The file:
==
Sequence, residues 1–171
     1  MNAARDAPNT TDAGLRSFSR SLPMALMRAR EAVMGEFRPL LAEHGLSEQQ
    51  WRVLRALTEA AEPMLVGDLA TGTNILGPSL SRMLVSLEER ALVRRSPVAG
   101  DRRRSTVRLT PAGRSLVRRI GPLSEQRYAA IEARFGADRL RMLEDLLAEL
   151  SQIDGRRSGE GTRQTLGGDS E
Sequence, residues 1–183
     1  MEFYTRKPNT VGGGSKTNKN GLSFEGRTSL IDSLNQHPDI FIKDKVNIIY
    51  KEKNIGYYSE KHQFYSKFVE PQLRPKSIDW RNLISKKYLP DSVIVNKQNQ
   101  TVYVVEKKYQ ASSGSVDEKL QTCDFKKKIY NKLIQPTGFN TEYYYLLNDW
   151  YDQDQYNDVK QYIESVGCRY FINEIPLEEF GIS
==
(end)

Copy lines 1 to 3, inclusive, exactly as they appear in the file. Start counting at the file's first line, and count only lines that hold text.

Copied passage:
Sequence, residues 1–171
     1  MNAARDAPNT TDAGLRSFSR SLPMALMRAR EAVMGEFRPL LAEHGLSEQQ
    51  WRVLRALTEA AEPMLVGDLA TGTNILGPSL SRMLVSLEER ALVRRSPVAG